$\Rightarrow \cos \theta>1 \left( \text { Given } \cos \theta=\dfrac{\mathrm{a}^{2}+\mathrm{b}^{2}}{2 a b}\right)$

But, the value of $\cos \theta$ never be greater than 1 .

So, the given expression is false.

11. The angle of elevation of the top of a tower is $30^{\circ}$. If the height of the tower is doubled, then the angle of elevation of its top will also be doubled.

Ans: False.

Let the height of the tower is, $\mathrm{h}$. For the observer at $\mathrm{A}$ the angle of elevation is equal to $30^{\circ}$. $\tan 30^{\circ}=\dfrac{h}{y} \\$

$\Rightarrow \dfrac{1}{\sqrt{3}}=\dfrac{h}{y} \\$

$\Rightarrow \mathrm{y}=h \sqrt{3}$

Now, the height of the tower increases to $2 \mathrm{~h}$.

Now, let the new angle of elevation at $\mathrm{A}$ becomes $\theta$ then

$\tan \theta=\dfrac{2 h}{y} \\$

$\Rightarrow \tan \theta=\dfrac{2 h}{h \sqrt{3}} \\$

$\Rightarrow \tan \theta=\dfrac{2}{\sqrt{3}}$

But, $\tan 60^{\circ}=\sqrt{3}$

$\Rightarrow \tan 60^{\circ}=\sqrt{3} \neq \dfrac{2}{\sqrt{3}}$

$\text { So, } \theta \neq 60^{\circ}$

Hence, the angle of elevation can not be doubled, so the given statement is false.

12. If the height of a tower and the distance of the point of observation from its foot both are increased by $10 \%$, then the angle of elevation of its top remains: unchanged.

Ans: True.

Let height $\mathrm{h}$ of tower TW makes an angle of elevation $\theta$ to the observer at $\mathrm{A}$ and the distance from foot of tower to the observer is $x$. $\therefore \tan \theta=\dfrac{h}{x}...............(\mathrm{I})$

Now, $h$ and $x$ increases by $10 \%$

$\therefore h^{\prime}=h+10 \% \text { of } h = h+\dfrac{10}{100} \times h=h+0.1 h$

$\Rightarrow h^{\prime}=1.1 h$

Similarly, $x^{\prime}=1.1 x$

$\therefore \tan \theta^{\prime}=\dfrac{1.1 h}{1.1 x}=\dfrac{h}{x}................(I I)$

From (I) and (II), we get

$\tan \theta=\tan \theta^{\prime} \\$

$\Rightarrow \theta=\theta^{\prime}$

Hence, the given statement is true.

Sample Question 1: Prove that $\sin ^{6} \theta+\cos ^{6} \theta+3 \sin ^{2} \theta \cos ^{2} \theta=1$

Ans: We know that $\sin ^{2} \theta+\cos ^{2} \theta=1$

Therefore, $\left(\sin ^{2} \theta+\cos ^{2} \theta\right)^{3}=1$

or, $\left(\sin ^{2} \theta\right)^{3}+\left(\cos ^{2} \theta\right)^{3}+3 \sin ^{2} \theta \cos ^{2} \theta\left(\sin ^{2} \theta+\cos ^{2} \theta\right)=1$

or, $\sin ^{6} \theta+\cos ^{6} \theta+3 \sin ^{2} \theta \cos ^{2} \theta=1$

Sample Question 2: Prove that $\left(\sin ^{4} \theta-\cos ^{4} \theta+1\right) \operatorname{cosec}^{2} \theta=2$

Ans: L.H.S. $=\left(\sin ^{4} \theta-\cos ^{4} \theta+1\right) \operatorname{cosec}^{2} \theta$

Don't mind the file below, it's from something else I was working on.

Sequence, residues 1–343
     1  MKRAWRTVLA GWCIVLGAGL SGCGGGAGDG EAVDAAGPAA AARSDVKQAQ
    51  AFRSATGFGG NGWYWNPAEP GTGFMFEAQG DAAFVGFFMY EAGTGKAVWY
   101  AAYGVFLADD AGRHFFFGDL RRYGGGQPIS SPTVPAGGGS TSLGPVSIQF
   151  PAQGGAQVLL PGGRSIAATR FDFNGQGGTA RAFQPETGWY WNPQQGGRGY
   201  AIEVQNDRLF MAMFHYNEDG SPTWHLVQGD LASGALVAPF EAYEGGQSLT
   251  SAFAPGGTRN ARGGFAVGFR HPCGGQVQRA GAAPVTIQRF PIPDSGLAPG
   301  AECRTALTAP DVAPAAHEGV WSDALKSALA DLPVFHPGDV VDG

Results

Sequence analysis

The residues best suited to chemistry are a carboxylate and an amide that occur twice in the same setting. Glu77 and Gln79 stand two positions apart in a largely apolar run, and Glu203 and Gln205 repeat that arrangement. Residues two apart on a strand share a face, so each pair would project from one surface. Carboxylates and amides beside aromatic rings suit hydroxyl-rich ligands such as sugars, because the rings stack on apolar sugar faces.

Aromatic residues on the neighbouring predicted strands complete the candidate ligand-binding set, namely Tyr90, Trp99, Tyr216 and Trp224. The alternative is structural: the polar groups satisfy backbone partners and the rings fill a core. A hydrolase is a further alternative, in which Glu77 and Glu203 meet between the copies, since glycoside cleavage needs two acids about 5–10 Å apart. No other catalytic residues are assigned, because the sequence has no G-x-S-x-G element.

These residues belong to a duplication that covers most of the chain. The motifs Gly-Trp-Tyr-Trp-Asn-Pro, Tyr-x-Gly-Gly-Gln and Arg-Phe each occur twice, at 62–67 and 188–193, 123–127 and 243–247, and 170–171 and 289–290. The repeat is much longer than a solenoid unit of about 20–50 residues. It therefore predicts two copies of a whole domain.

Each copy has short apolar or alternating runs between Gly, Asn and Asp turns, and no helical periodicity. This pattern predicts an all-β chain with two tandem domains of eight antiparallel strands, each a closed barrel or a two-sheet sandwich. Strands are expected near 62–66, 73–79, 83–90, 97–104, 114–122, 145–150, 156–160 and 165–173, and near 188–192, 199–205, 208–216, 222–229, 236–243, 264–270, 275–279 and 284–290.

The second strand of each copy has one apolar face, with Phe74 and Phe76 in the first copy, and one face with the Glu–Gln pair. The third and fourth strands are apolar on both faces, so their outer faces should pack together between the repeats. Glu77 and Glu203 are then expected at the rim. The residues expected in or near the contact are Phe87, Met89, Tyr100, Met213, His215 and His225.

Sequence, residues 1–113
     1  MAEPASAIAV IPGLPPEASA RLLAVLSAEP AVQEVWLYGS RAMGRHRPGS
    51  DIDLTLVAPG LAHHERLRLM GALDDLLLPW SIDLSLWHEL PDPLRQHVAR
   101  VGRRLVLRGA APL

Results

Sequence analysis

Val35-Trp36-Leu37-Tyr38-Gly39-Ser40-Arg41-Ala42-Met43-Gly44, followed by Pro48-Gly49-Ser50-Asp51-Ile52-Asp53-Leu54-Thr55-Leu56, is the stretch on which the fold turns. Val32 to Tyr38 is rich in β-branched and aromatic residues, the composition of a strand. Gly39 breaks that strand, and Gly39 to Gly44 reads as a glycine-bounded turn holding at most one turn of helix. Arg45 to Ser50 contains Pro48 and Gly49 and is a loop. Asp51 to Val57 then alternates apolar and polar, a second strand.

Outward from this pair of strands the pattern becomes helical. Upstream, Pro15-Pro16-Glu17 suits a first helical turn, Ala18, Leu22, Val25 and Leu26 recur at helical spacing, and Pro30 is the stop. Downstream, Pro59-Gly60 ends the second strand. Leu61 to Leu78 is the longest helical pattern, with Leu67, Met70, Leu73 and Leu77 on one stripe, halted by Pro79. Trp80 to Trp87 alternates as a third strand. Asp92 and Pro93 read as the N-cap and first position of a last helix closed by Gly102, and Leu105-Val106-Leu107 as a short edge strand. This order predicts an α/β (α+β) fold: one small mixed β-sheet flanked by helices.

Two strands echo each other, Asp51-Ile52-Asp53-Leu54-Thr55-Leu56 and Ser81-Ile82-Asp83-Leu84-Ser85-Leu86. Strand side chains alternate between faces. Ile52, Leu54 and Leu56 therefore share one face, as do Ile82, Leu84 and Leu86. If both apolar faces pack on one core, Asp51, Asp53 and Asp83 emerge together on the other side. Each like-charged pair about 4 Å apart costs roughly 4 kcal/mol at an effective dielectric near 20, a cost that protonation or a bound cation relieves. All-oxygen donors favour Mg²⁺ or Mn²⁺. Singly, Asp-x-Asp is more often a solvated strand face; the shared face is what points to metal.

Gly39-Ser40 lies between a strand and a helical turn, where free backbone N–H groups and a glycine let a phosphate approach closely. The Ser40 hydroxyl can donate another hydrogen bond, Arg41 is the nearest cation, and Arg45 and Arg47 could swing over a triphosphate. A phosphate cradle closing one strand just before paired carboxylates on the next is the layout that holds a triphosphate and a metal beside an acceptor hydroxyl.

$=\left[\left(\sin ^{2} \theta-\cos ^{2} \theta\right)\left(\sin ^{2} \theta+\cos ^{2} \theta\right)+1\right] \operatorname{cosec}^{2} \theta \\$

$=\left(\sin ^{2} \theta-\cos ^{2} \theta+1\right) \operatorname{cosec}^{2} \theta\left[\text { Because } \sin ^{2} \theta+\cos ^{2} \theta=1\right]$

$=2 \sin^{2} \theta \operatorname{cosec}^{2} \theta$ $\left[\text{ Because } 1-\cos^{2} \theta=\sin^{2} \theta\right]$

$=2=\text { RHS }$

Sample Question 3: Given that $\alpha+\beta=90^{\circ}$, show that $\sqrt{\cos \alpha \operatorname{cosec} \beta-\cos \alpha \sin \beta}=\sin \alpha$

Ans: $\sqrt{\cos \alpha \operatorname{cosec} \beta-\cos \alpha \sin \beta}=\sin \alpha$

$=\sqrt{\cos \alpha \operatorname{cosec}\left(90^{\circ}-\alpha\right)-\cos \alpha \sin \left(90^{\circ}-\alpha\right)} \\$

$=\sqrt{\cos \alpha \sec \alpha-\cos \alpha \operatorname{cos} \alpha} \\$

$=\sqrt{1-\cos ^{2} \alpha} \\$

$=\sin \alpha$

Sample Question 4: If $\sin \theta+\cos \theta=\sqrt{3}$, then prove that $\tan \theta+\cot \theta=1$

Ans: $\sin \theta+\cos \theta=\sqrt{3}$ (given)

$\Rightarrow (\sin \theta+\cos \theta)^{2}=3$

$\Rightarrow \sin ^{2} \theta+\cos ^{2} \theta+2 \sin \theta \cos \theta=3$

$\Rightarrow 2 \sin \theta \cos \theta=2\left[\sin ^{2} \theta+\cos ^{2} \theta=1\right]$

$\Rightarrow \sin \theta \cos \theta=1=\sin ^{2} \theta+\cos ^{2} \theta$

$\Rightarrow 1=\dfrac{\sin ^{2} \theta+\cos ^{2} \theta}{\sin \theta \cos \theta}$

Therefore, $\tan \theta+\cot \theta=1$

### EXERCISE $8.3$

Prove the following questions (from 1 to 7 ):

1. $\dfrac{\sin \theta}{(1+\cos \theta)}+\dfrac{(1+\cos \theta)}{\sin \theta}=2 \operatorname{cosec} \theta$

Ans: (i) If there is $(+)$ ve or $(-)$ ve sign in $D^{\prime}$ and $N$ of the expression, then keep the expression in brackets.

(ii) LHS is more difficult than RHS so we will start from LHS.

(iii) Use identities, if applicable.

(iv) Convert the expression into $\sin \theta$ and $\cos \theta$.

LHS $=\dfrac{\sin \theta}{(1+\cos \theta)}+\dfrac{(1+\cos \theta)}{\sin \theta}$

$=\dfrac{\sin ^{2} \theta+(1+\cos \theta)^{2}}{(1+\cos \theta) \sin \theta} \\$

$=\dfrac{\sin ^{2} \theta+(1)^{2}+(\cos \theta)^{2}+2(1)(\cos \theta)}{(1+\cos \theta) \sin \theta}$